At Christmas, I excitedly opened my presents to find a new watch. Not just an ordinary watch, but a smart watch which allows me to collect data about myself. I now know that on average I climb 20 flights of stairs a day, and that when I am teaching I easily meet my 10,000 steps – but at a weekend I barely make half of that. This got me thinking about my teaching and data logging.
Data loggers are a measuring instrument that can record the data. In science lessons, they allow you to collect data in smaller time samples, and see the patterns and trends emerge in the data in real time. It has the added advantage of allowing students to focus on the science concepts rather than on how to read a scale or record the data.
But, data loggers can be temperamental. We are very reliant on our technicians to set them up in advance, and often there is a limited selection of hardware due to the pressures on budgets. Could personal devices and apps be a solution?
Collecting data using the Fitbit
My smart watch allows me to display my data in lots of different forms from bar charts and table to scatter graphs with trend lines. This allows discussion about how data is best represented to find trends. I can use the heart rate trend graph to measure my recovery time and can even work out my resting heart rate.
I think that using data loggers allows you to focus on trends. You can easily change a condition and immediately see the effect graphically in the data. For example, if you go closer to the source of the noise, the Decibel measurement increases instantly. I think this allows students to investigate more easily and because they are excited to collect real-life, relevant data they are more likely to remember the relationships between the science theory, observable change and the shape of graphs. It has been shown that to learn we need an emotional response, so I hope that excitement will help students learn the key concepts more easily and that this will convert to an improvement in attainment.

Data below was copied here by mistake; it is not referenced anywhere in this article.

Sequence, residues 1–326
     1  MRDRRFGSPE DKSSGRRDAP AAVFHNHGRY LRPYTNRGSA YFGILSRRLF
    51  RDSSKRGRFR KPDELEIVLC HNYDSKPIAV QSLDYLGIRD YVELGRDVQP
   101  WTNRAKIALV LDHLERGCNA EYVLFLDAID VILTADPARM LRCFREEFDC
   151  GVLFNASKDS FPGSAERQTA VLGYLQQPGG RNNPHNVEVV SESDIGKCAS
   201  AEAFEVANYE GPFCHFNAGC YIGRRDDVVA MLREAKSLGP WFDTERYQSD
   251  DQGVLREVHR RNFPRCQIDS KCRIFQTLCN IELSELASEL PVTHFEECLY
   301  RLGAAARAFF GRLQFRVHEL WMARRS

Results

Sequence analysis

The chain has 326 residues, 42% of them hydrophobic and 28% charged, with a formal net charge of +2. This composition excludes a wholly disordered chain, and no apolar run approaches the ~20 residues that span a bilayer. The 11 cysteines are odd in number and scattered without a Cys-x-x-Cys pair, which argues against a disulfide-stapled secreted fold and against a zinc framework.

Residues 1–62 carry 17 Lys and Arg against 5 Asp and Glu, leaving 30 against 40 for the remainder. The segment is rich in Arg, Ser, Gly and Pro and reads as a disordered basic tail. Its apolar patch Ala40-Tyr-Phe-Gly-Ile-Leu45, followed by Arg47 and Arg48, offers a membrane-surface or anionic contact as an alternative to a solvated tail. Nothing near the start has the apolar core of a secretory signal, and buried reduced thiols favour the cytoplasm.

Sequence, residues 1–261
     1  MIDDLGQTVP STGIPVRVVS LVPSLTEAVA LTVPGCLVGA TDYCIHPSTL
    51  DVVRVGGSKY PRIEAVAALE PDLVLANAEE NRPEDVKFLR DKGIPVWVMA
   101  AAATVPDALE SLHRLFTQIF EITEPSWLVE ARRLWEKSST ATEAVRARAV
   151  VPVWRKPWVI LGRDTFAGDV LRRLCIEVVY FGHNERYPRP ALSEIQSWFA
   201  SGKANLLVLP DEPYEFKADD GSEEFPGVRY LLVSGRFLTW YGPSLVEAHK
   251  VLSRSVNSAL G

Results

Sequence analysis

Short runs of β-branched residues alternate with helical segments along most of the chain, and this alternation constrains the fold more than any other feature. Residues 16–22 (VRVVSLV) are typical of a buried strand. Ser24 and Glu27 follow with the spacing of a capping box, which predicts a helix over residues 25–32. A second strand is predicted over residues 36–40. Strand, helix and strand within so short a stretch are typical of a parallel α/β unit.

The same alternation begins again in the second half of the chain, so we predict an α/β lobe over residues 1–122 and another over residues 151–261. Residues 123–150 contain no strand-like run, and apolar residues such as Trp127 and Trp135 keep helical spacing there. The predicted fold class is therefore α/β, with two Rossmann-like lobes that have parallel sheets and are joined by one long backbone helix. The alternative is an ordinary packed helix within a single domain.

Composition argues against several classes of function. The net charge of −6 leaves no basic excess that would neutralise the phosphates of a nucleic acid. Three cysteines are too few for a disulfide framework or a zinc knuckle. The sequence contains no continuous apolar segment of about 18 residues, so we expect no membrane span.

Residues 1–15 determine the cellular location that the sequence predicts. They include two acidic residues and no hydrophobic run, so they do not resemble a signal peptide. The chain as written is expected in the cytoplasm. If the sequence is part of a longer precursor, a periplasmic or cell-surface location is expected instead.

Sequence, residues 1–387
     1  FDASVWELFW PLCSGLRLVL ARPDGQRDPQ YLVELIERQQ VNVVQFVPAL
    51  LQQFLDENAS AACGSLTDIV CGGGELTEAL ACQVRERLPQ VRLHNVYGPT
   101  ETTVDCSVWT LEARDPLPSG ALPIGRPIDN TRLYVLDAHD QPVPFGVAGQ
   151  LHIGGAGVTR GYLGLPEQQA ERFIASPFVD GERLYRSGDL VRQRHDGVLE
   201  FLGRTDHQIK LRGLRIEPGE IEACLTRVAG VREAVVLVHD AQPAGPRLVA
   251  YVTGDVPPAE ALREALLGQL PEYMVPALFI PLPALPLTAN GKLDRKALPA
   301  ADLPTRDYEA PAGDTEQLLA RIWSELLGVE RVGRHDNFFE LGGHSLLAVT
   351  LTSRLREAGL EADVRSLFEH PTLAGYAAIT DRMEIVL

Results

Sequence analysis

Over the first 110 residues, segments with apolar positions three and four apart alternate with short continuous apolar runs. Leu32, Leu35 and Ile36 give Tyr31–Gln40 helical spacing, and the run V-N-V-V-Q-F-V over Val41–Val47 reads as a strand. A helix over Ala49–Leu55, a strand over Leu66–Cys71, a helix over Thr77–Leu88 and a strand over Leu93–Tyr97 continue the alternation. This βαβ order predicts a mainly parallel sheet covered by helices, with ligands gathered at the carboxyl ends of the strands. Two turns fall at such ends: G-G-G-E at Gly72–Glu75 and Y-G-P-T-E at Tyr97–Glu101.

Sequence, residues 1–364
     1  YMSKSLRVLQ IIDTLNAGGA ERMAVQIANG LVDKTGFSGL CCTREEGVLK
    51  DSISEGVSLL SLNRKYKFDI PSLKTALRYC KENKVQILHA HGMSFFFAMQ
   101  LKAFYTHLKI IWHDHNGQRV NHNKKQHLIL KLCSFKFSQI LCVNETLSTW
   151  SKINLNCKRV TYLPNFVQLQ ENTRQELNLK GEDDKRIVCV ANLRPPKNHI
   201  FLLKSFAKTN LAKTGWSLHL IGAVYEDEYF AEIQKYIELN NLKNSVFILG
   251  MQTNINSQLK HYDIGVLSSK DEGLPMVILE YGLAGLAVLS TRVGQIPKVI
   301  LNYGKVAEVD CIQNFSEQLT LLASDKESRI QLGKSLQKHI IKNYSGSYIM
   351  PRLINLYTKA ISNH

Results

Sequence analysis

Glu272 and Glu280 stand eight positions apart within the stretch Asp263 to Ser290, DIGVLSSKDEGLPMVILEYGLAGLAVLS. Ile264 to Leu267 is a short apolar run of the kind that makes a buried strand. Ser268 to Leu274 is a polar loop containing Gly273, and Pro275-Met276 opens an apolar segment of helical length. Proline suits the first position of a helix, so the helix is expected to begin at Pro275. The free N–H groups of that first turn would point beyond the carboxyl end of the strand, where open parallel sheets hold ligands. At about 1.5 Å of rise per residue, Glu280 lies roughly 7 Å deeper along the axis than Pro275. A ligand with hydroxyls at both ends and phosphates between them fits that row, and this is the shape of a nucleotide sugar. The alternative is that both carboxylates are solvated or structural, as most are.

Data loggers improve engagement in science and are also very beneficial to SEND students as they can focus on the science without needing as much dexterity with equipment or ability to read and interpret scales.
Using the free decibel meter app
At Bablake School, where I am Co-ordinator of Junior Science, we are committed to making innovative use of appropriate technology to further enhance the quality of teaching and learning. We have a ‘Bring Your Own Device’ policy, so, as I was teaching sound, I asked my students to download a free sound meter. That allowed us to go out and measure the level of sound around the school in Db and even related that to familiar noises. We could investigate how distance affects the loudness of a sound and plot graphs of these data.
Sam Holyman is Junior Science Co-ordinator at Bablake School in Coventry, and West Midlands ASE President. She is also author of a number of best-selling science textbooks for KS3 and GCSE, and a keen advocate of innovative teaching and learning. She was recently nominated in the Teacher Scientist category for the Science Council’s 100 leading practicing scientists in 2015.
Main image: Mark Woodward